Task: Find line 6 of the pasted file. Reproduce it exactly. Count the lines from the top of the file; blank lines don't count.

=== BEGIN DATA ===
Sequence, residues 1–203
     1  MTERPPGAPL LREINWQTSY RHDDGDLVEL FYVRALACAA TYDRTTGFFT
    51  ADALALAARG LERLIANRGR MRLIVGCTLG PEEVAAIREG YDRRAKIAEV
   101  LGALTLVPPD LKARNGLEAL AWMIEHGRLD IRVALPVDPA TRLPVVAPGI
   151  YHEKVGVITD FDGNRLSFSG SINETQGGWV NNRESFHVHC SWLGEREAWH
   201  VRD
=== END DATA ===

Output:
   201  VRD